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Confidence trick

 

Here is never quiet, quite,

nor dark  enough for sleep.

Urgency and purpose

are never reassuring —

 

like this castanet clatter

of curtain rings, the flourishing

of  fabric that tents an empty bed;

white coats, blue-belted nurses

that come in a flurried huddle,

like bees, and, in a sudden,

pull aside the screens. And go.

 

A wonder sits in a bubble of light,

immaculate in white.His wide sleeves

fall as easily as water from his wrists;

he winds and winds a turban,

his fingers long and tapered, the ribbon

like a stream..  He is quite at ease.

 

He sits cross-legged, his knees, his calves

flat on the sheets, his feet,

pale-soled, together like a prayer.

 

He is alien and beautiful. A hawk.

His beard is silver-frosted,

eyes dark, his face sun-black.

 

Here are red and ochre mountains,

ash, the tang of woodsmoke, juniper,

and dung. Here is dust and stone,

hot wind, kites, a huge white sky.

 

No-one know why he is here

or how to speak his language.

No-one knows how old he is.

He knows  how to be still.

 

Next morning

his bed’s been stripped,

and he has vanished.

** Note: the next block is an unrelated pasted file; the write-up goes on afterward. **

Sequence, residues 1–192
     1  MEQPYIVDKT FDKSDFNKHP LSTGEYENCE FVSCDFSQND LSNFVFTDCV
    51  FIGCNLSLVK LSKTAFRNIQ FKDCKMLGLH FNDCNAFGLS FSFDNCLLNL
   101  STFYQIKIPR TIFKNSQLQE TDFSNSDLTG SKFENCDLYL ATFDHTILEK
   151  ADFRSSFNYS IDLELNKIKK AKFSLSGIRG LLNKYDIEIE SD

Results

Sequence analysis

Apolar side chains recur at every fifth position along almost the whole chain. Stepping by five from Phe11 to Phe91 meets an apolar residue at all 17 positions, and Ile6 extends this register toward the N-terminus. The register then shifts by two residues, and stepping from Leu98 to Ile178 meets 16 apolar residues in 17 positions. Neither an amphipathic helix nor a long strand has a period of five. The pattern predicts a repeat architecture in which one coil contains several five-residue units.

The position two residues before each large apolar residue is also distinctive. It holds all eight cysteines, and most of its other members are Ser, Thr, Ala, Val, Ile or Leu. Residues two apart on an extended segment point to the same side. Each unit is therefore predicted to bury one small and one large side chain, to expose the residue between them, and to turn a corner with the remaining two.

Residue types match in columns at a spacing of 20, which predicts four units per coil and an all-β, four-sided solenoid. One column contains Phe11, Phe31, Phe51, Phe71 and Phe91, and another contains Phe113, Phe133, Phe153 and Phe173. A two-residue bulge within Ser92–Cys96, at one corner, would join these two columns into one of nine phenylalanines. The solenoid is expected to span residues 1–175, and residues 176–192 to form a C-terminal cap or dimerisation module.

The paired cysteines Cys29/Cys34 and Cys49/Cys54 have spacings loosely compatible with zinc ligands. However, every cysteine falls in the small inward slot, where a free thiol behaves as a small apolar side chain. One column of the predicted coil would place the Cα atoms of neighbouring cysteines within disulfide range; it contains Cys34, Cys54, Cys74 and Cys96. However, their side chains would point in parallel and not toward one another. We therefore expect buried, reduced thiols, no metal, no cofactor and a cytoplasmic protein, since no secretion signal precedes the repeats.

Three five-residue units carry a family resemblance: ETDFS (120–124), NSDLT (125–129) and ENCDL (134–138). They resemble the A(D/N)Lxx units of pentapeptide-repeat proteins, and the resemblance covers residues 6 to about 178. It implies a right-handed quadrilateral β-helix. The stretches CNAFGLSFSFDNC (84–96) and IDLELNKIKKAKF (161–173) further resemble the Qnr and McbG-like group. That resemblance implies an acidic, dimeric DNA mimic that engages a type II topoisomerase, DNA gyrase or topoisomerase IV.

For me, the magic, trick or not,

was real . I wish him well.

 

[Unpublished. Till now]

magic

 

 

I should acknowledge lifting the last line from Douglas Dunn’s ‘Terry Street’..the poem about the guy somewhere down the Hessle Road, pushing a lawnmower in the street. ‘That man, I wish him grass’.

The character in the poem turned up in the middle of the night. His installation seemed to involve most of the hospital night staff. Because you’re drugged up a lot of the time, you assume it’s a dream. But next morning, there he is, as described in the poem. For three days he taxed the ingenuity of all the hospital staff, who tried him on Arabic, Hindi, Panjabi, Pashtun and a range of other languages..all to no avail. And then he was gone. I missed him enormously. He was, simply, a visual delight. It turned out he was a con man who had been working his way around the hospitals of East and West Yorkshire. It seems even now a ridiculously complicated way of blagging free bed and board.